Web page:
According to Coates, without mass incarceration the American society would disintegrate. He says that white folks believe that black people are the ‘preeminent outlaws’ of the American imagination. As such, black criminality is literally written into the American constitution. White folks control the media to perpetuate the myth that all black people are criminals. By declaring themselves for law and order and calling for mass incarceration stricter penalties and longer sentences, political candidates, whether Republican or Democrat, invariably win elections and political power. The more blacks that whites incarcerate, the safer white folks feel. The more rights white people take from minorities, the more privileged white people become.
Coates’ chapters, Fear Of A Black President and My President Was Black, specifically discuss Barack Obama, but not how Obama wielded presidential power. Here Coates excuses Obama’s failure to repay black people for their overwhelming financial and electoral support, which catapulted him into the White House. But once there, Obama went out of his way not only to ignore black voters but also to insult them every time he had a chance. Coates suggests that Obama was unaware of the white racism around him. When the white press, white politicians and white police organizations criticized Obama’s response to the Henry Lewis Gates matter and the murder of Trayvon Martin as being too partisan, Coates suggests that Obama had no choice but to retreat into his own fantasy world and pretend that white racism didn’t exist. Bur Obama was so above the fray and completely indifferent black people, Obama even assisted his racist chief of staff, Rahm Emanuel, become mayor of Chicago. What Barack Obama did for black people was throw good parties which allowed him to hobnob with other blacks who gained their celebrity status by entertaining and serving white folks and their interests.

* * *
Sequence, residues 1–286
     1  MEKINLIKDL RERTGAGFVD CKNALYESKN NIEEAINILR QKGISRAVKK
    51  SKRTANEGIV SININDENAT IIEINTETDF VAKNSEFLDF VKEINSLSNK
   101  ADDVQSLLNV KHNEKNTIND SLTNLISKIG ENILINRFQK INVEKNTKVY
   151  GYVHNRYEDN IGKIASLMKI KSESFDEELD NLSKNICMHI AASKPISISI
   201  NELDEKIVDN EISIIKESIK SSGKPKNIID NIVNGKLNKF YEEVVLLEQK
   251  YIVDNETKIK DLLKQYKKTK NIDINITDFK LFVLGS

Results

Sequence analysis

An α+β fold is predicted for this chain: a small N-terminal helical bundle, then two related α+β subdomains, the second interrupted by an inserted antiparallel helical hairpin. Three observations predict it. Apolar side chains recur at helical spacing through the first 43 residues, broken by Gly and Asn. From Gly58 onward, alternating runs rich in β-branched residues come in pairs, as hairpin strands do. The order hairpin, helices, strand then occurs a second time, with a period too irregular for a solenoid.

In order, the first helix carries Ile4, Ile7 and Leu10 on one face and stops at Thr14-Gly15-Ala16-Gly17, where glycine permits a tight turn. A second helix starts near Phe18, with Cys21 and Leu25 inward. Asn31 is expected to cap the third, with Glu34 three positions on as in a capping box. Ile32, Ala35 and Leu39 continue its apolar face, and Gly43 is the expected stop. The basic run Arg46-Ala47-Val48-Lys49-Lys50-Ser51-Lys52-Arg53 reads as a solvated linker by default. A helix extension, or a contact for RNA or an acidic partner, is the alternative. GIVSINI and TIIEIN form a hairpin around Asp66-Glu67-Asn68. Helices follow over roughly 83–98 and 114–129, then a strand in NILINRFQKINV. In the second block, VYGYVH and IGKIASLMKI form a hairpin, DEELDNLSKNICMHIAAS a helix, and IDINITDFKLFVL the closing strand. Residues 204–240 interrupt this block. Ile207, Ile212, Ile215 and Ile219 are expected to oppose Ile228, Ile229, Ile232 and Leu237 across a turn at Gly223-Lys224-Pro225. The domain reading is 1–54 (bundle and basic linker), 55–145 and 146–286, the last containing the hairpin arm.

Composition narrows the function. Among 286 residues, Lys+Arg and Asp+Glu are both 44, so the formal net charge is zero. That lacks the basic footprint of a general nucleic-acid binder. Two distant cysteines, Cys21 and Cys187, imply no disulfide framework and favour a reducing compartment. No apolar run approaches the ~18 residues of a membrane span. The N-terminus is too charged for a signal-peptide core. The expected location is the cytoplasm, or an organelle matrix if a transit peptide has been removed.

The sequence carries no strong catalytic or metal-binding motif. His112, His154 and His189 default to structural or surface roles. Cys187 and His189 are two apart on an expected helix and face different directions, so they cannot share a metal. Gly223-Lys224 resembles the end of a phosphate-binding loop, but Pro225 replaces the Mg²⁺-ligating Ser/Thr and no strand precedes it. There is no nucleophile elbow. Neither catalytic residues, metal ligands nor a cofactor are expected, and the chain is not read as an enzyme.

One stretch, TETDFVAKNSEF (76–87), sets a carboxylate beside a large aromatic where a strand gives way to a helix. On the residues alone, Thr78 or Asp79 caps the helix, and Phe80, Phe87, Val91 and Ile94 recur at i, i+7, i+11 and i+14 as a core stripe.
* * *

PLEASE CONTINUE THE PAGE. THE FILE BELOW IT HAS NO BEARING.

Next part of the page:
In the chapter, Why Do So Few Blacks Study The Civil War? Coates adopts Obama’s tactic of attacking black people as a means of replacing guilt with superiority. And for black people, there is this ___ the burden of taking ownership of the Civil War as Our War. During my trips to battlefields, the near total absence of African American visitors has been striking. Confronted with the realization that the Civil War is the genesis of modern America, in general, and modern black America, in particular, we cannot just implore the Park Service and custodians of history to do more outreach ___ we have to become custodians ourselves. Coates chides black people for being more responsibile just as Obama does whenever he speaks to black audiences. The Atlantic Magazine gave Coates the time and the financial backing to wander about visiting Civil War battlefields, museums and monuments, so he feels superior. Now Coates can express his newfound status by looking down upon other blacks ____ those without the wherewithal that his financial success has given him. Imitating Obama, Coates says “Look how successful I am in overcoming my blackness; why can’t you do the same? After all we were eight years in power.” Obama used this tactic so often, that when he invited the Black Lives Matter leadership to the White House, they declined the invitation. The Black Lives Matter leaders didn’t want to be lectured about overcoming their blackness by some half breed Negro whose white side served the CIA for two generations and whose black side emptied the chamber pots of Kenya’s white settlers and snitched on Mau Mau resistance fighters